Kate Hampton, VP of corporate development at payments technology company NMI, believes it will have a knock-on regulatory effect. “In the long term, there will be more of a distinction made between banks and non-banks and the associated regulations that go along with each as the Wirecard scandal plays out,” she says.
“We’ll continue to see the tightening of regulations on ‘gray areas’ in the payments space to avoid repeating scandals of this nature in the future. The payments space has been on the consolidation streak for quite some time now, meaning that the big players continue to buy up the smaller ones, including start-ups. It will be interesting to watch if regulatory scrutiny will increase and to what degree with these future consolidations.”
According to Darren Upson, VP for small business at financial software company Soldo, the affair will lead companies to examine their risk exposure when it comes to their internal processes. “I think businesses involved in payments will start reassessing their supply chain to identify potential weak links, he says. “But we have to acknowledge that most fintech businesses wouldn’t exist without building atop third-party solutions like Wirecard. This particular issue with Wirecard was not a payments industry issue – it was fraud at a grand scale, and the result of very questionable auditing from prior years. The actual technology behind the offering was rock solid – the only reason for the outage was the temporary suspension by The FCA of WDCS, the UK entity of Wirecard. The truth is payments should be boringly reliable and this should never happen again.”
Hampton believes the market can expect a change in the behaviour of fintech investors in the future. “The scandal exposes the value payments companies should place on a culture of transparency, stewardship and responsibility,” she says. “Investors will certainly pay more attention to any start-up’s ethos and core beliefs moving forward, as well as scrutinise companies that seem to be growing too quickly and claiming to be doing too many things at once.”
Upson thinks the scandal will bring about a tightening of auditing procedures. “It may result in investors doing more due diligence on the stack that underpins the offering before investing, but I don’t see a huge change in approach,” he says. “I do think the actual suppliers of tech and infrastructure to the industry will be more closely monitored, with greater focus on the financials but this is reliant on better, more stringent auditing processes.”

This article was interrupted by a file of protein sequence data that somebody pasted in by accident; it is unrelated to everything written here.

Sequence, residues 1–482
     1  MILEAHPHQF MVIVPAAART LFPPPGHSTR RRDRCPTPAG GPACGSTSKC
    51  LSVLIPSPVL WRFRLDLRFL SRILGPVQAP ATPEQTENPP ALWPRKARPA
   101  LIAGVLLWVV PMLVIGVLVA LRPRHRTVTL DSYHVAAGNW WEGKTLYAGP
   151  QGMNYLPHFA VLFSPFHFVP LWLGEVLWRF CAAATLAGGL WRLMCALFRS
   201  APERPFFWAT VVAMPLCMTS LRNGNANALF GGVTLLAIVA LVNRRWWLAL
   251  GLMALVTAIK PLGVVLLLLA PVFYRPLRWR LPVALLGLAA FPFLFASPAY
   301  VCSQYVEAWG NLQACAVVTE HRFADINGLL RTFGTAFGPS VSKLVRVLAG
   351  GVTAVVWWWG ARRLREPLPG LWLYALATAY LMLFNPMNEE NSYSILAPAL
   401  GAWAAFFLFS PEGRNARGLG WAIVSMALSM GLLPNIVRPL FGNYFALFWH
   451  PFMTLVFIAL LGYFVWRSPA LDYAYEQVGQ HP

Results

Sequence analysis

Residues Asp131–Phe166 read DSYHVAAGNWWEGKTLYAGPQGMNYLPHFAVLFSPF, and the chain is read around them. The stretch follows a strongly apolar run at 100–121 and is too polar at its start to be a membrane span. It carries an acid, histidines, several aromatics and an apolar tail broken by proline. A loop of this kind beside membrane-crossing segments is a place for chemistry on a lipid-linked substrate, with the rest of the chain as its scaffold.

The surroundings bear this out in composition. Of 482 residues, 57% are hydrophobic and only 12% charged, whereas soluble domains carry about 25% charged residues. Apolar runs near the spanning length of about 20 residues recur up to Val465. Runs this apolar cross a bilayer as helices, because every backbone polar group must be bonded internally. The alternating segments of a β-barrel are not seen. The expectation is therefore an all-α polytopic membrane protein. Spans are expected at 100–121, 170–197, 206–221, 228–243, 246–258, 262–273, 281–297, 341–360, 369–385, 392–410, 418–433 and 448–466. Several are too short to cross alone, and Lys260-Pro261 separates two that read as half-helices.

As to the future of the company itself, Hampton says, “The hope is that Wirecard minimises any damage to customers and partners as they emerge from this scandal. There are two types of impacts that will decide the company’s future – market and regulatory. While markets can react immediately, regulators and authorities cannot. What the market thinks about Wirecard at any given time is indisputably reflected in the company’s stock price. Right now, the picture is unflattering to put it mildly, and markets are communicating that the company has no value. Regulators and authorities will have several tools at their disposal, and it will take them considerably longer to chart an appropriate response to the events compared to the market’s response. Whatever they decide will seal the deal one way or another.”
Upson, however, is more optimistic: “Wirecard will survive this,” he believes. “Their CEO and senior management might go to jail, but the team in the UK are great and have been a huge support to us from day one through to the migration to Mastercard as principal members. Will the business change shape? Yes. But they will recover from this and continue to provide the base service for future fintech offerings. Of that I have no doubt.”